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ss triple helix - spring 2001,  Creative Suffering

Creative Suffering

'Since coming here,' said the prisoner, 'I've come much closer to God.' Opal's quiet words were convincing. In turn, she was touched to learn that opal gemstones owe their beauty to immense pressure, bearing down on fragments of silica in water. This pressure produces their scintillating colours and makes them so precious. The parable appealed to her amidst the constraints of her detention. She could already perceive its creativity.

During the service which followed came two unaccompanied solos, the words particularly poignant when heard in a prison. After four years away from home, still without news of parole, a grieving American mother sang first.

'I am learning to wait on the Lord,' she sang, her voice and face expressing deep longing but also deep trust.

A gifted musician followed, with old words to a new tune, her rich voice unfaltering. I, for one, was moved as never before by the hymn 'Fight the good fight'. In that setting, the words acquired such clear focus;

'Cast care aside, lean on thy Guide;
His boundless mercy will provide;
Lean, and the trusting soul shall prove,
Christ is its life, and Christ its love.

Faint not, nor fear, His arms are near;
He changes not, and thou art dear;
Only believe, and thou shalt see
That Christ is all in all to thee.'

Doubtless, some of those behind bars were victims of someone else's drug dealing, perhaps by carrying a supposed present for a friend. We did not ask. Yet for a few, their relationship with the Lord himself was growing, as other ties were severed. The Easter message was again made plain; the risen Lord overcame evil to set its captives free. As his suffering was creative, so he can transform ours to be creative.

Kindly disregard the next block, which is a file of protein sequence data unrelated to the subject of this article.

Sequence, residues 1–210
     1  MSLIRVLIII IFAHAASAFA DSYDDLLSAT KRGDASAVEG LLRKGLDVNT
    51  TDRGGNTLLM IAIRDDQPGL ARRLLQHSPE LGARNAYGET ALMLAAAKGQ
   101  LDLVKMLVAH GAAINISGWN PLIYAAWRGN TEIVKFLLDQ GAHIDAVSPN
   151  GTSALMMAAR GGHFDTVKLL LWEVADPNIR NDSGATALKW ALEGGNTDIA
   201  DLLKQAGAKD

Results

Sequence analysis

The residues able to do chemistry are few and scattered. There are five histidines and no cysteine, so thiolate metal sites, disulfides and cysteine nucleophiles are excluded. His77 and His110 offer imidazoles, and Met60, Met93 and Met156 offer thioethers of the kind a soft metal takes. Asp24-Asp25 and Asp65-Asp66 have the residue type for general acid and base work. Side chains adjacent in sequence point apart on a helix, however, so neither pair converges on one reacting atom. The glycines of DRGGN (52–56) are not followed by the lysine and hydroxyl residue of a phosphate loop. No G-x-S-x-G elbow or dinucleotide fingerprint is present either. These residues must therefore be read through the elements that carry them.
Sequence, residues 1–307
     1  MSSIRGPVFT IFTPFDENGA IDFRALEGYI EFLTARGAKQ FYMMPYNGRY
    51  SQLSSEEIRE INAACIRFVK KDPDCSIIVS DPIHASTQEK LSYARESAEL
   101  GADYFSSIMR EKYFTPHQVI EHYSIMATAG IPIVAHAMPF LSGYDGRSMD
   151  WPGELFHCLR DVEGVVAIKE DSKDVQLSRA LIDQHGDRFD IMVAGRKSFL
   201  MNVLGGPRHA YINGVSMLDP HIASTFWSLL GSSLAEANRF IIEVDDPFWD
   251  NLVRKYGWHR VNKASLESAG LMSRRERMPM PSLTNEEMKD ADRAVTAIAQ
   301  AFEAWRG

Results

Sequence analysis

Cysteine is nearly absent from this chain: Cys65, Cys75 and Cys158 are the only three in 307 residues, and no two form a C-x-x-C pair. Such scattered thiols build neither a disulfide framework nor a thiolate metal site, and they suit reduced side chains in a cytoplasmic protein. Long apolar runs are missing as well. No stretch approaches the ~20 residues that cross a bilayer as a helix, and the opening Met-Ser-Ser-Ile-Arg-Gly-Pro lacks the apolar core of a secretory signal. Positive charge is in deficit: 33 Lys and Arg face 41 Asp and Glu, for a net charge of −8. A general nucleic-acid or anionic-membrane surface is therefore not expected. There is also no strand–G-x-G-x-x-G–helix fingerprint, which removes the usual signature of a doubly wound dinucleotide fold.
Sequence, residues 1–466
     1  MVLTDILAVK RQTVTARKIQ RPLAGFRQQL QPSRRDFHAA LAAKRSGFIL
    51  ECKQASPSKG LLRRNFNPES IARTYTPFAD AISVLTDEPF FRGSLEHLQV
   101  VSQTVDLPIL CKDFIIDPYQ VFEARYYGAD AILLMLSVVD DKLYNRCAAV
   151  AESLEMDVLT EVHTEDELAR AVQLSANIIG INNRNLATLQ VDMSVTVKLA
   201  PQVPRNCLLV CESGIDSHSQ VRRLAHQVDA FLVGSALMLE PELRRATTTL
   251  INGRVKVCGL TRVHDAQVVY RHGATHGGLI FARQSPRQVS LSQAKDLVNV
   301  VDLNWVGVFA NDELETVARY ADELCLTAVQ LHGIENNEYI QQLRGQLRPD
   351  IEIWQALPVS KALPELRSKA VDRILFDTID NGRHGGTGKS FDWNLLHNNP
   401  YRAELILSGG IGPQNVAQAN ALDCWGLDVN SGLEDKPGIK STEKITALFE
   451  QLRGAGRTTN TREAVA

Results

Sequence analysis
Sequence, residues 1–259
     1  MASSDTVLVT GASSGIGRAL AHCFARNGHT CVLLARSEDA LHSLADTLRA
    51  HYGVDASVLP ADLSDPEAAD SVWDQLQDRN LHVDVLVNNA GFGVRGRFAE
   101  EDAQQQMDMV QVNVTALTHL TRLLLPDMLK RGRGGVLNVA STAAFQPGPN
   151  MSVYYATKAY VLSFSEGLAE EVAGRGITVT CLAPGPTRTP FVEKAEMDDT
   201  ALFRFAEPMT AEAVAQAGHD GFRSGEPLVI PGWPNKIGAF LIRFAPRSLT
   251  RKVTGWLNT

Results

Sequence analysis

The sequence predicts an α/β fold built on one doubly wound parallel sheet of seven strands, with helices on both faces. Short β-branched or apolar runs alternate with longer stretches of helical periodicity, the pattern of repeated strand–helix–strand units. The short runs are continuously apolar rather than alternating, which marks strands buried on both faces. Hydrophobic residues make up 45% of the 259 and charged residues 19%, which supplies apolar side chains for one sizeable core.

A friend recently reminded me about the nature of our Lord's work at the carpenter's bench. As a master craftsman, he purposefully carved the wood up into fragments which he then shaped. His first public mission statement (as well as his first experience of rejection) was in the synagogue at Nazareth (Luke 4:16-30). Perhaps some of the furniture there was his own handiwork, bearing silent witness to his creative planning.

When circumstances imprison us, or events carve us up, it is well to remember how, after painful and prolonged captivity, Joseph (and many another 'trusting soul') made the wonderful discovery that, through it all, 'God has made me...'. (Genesis 45:9)

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